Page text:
# Ring Isomorphism

• Apr 26th 2008, 02:59 PM
hercules
Ring Isomorphism - help needed
I need help with the following proof:

Show that if $\theta$:Z $\rightarrow$ Z is a ring isomorphism, then $\theta$ must be the identity mapping. Is there an additive group isomorphism $\theta$:Z $\rightarrow$ Z other than the identity mapping?

Thanks

and how do you Z that represents the set of integers in Latex.
• Apr 26th 2008, 03:08 PM
TheEmptySet
Quote:

Originally Posted by hercules
I need help with the following proof:

Show that if $\theta$:Z $\rightarrow$ Z is a ring isomorphism, then $\theta$ must be the identity mapping. Is there an additive group isomorphism $\theta$:Z $\rightarrow$ Z other than the identity mapping?

Thanks

and how do you Z that represents the set of integers in Latex.

first \mathbb{Z} will give the integers symbol.

for the 2nd part consider group $\mathbb{Z},+$

then $\theta(x)=-x$ is an isomorphism

$\theta(a+b)=-(a+b)=(-a)+(-b)=\theta(a)+\theta(b)$
and

$\theta (0)=-0=0$

For the first part i am not sure. I will think about it.

Good luck.
• Apr 26th 2008, 06:31 PM
hercules
Quote:

Originally Posted by TheEmptySet
first \mathbb{Z} will give the integers symbol.

for the 2nd part consider group $\mathbb{Z},+$

then $\theta(x)=-x$ is an isomorphism

$\theta(a+b)=-(a+b)=(-a)+(-b)=\theta(a)+\theta(b)$
and

$\theta (0)=-0=0$

For the first part i am not sure. I will think about it.

Good luck.

Thanks Emptyset.

• Apr 26th 2008, 08:25 PM
TheEmptySet
Maybe this is it?
Quote:

Originally Posted by hercules
I need help with the following proof:

Show that if $\theta$:Z $\rightarrow$ Z is a ring isomorphism, then $\theta$ must be the identity mapping. Is there an additive group isomorphism $\theta$:Z $\rightarrow$ Z other than the identity mapping?

Thanks

and how do you Z that represents the set of integers in Latex.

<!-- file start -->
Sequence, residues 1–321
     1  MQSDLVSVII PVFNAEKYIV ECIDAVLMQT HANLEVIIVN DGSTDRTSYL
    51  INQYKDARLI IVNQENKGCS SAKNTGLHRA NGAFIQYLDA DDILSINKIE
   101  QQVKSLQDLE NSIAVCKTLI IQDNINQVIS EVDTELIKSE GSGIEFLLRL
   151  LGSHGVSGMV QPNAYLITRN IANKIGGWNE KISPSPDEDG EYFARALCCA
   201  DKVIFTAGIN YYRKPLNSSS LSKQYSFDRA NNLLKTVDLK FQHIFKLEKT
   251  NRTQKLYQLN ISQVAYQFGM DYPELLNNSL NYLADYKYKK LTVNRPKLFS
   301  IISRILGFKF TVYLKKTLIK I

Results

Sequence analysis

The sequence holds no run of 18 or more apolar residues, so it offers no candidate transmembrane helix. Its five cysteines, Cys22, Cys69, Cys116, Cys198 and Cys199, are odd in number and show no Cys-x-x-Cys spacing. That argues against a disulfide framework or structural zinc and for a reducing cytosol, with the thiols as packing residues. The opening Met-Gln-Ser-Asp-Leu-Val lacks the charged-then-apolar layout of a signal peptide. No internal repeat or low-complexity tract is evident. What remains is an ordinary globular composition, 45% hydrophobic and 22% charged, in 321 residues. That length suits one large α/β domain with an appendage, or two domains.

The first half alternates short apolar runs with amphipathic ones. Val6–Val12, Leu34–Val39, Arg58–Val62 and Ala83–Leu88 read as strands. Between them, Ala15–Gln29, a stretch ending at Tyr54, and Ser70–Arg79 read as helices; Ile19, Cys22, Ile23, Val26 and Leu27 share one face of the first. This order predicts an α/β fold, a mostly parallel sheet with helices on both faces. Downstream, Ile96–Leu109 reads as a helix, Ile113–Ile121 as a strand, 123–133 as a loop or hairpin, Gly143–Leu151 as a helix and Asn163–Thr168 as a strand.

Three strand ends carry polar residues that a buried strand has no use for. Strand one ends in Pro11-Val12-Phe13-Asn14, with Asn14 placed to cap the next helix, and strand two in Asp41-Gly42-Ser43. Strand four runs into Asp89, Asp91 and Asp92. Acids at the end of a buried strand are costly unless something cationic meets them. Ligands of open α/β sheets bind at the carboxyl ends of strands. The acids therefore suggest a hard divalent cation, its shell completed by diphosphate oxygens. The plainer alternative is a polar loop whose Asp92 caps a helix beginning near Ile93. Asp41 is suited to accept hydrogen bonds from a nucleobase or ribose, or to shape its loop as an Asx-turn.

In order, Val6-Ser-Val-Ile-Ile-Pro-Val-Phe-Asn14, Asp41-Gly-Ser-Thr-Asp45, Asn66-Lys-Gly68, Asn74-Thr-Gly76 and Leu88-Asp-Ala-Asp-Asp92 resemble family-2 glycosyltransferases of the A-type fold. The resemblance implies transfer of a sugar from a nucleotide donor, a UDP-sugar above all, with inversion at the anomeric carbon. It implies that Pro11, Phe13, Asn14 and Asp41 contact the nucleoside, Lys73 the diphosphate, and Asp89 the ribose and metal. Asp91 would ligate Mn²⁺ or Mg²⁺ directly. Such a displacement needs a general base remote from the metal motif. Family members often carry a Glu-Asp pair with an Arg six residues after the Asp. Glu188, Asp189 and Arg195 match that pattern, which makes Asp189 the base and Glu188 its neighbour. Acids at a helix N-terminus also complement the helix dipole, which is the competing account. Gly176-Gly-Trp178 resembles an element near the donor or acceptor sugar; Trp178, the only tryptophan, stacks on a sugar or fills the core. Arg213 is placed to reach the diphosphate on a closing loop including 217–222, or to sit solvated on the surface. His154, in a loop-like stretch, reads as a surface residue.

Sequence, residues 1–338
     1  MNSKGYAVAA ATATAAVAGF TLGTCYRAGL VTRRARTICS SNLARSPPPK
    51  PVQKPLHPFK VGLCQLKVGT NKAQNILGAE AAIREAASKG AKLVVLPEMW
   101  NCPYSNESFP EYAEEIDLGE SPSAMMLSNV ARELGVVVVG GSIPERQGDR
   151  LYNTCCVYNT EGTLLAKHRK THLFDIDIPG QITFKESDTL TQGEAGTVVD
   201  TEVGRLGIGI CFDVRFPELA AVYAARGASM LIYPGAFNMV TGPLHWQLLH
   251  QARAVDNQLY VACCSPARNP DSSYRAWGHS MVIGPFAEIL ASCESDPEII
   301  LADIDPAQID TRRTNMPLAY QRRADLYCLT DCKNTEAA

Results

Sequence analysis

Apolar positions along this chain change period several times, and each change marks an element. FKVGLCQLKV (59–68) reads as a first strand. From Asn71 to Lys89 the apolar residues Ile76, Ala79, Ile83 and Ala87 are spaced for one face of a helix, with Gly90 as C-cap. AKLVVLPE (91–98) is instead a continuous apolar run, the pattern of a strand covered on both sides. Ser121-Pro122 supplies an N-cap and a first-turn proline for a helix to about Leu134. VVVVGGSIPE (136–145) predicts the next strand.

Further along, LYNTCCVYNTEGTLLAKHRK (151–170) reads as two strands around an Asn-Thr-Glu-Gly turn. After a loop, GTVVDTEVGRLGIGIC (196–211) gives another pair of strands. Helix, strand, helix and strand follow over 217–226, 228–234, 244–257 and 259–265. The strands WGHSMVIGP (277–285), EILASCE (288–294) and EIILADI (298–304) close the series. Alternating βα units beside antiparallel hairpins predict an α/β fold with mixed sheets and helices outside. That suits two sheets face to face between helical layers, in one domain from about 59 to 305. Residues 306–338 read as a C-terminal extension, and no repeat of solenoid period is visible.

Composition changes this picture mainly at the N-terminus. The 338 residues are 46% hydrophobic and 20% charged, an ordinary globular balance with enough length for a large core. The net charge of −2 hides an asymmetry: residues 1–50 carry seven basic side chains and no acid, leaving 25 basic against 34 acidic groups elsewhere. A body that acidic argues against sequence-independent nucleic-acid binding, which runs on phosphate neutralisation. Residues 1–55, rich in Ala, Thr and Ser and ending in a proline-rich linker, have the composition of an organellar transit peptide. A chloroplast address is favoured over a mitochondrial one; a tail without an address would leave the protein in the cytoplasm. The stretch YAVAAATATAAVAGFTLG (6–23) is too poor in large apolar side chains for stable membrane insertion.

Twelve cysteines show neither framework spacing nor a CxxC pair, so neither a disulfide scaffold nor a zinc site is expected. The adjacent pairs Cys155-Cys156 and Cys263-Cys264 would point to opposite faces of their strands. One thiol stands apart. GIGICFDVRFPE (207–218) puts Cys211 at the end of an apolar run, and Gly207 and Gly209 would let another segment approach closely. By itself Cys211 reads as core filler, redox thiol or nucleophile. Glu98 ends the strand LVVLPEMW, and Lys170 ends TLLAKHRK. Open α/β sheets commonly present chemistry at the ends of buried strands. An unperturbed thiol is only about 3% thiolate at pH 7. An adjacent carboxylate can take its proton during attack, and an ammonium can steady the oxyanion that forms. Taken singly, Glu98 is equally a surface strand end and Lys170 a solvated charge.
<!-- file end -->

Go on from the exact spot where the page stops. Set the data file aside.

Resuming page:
let $\Phi (x)$ an isomorphsim that is not the identity mapping.

Then there exists $a \in \mathbb{Z}$ such that

$a \ne \Phi (a)$

I will assume a is positive(it can be done if a is negative)

we can write a in a few different ways

$a = 1 \cdot a=\underbrace{1+1+1+1+...+1}_{a Times}$

since Phi is an isomorphism we know that

$\Phi (0)=0,\Phi(1)=1$

so know we get

$\Phi(a)=\Phi(1+1+1+...+1)= \Phi(1)+\Phi(1)+ \Phi(1)+ \Phi(1)+ ...\Phi(1)=a \cdot \Phi(1) =a \cdot 1=a$
$\Phi(a)=\Phi(1\cdot a)=\Phi(1) \cdot \Phi(a)=1\cdot \Phi(a)=\Phi(a)$

• Apr 26th 2008, 08:27 PM
Jhevon
Quote:

Originally Posted by TheEmptySet

let $\Phi (x)$ an isomorphsim that is not the identity mapping.

Then there exists $a \in \mathbb{Z}$ such that

$a \ne \Phi (a)$

I will assume a is positive(it can be done if a is negative)

we can write a in a few different ways

$a = 1 \cdot a=\underbrace{1+1+1+1+...+1}_{a Times}$

since Phi is an isomorphism we know that

$\Phi (0)=0,\Phi(1)=1$

so know we get

$\Phi(a)=\Phi(1+1+1+...+1)= \Phi(1)+\Phi(1)+ \Phi(1)+ \Phi(1)+ ...\Phi(1)=a \cdot \Phi(1) =a \cdot 1=a$
$\Phi(a)=\Phi(1\cdot a)=\Phi(1) \cdot \Phi(a)=1\cdot \Phi(a)=\Phi(a)$

If $\theta: \mathbb{Z}\mapsto \mathbb{Z}$ is a ring isomorphisms then certainly it is a group automorphism of $\left< \mathbb{Z},+\right>$. Group isomorphism on cyclic groups are completely determined on the generator. Since we must have $\theta (1) = 1$ (for that is the definition of a commutative unitary ring homomorphism) it is completely determined, i.e. unique, and in fact the identity mapping.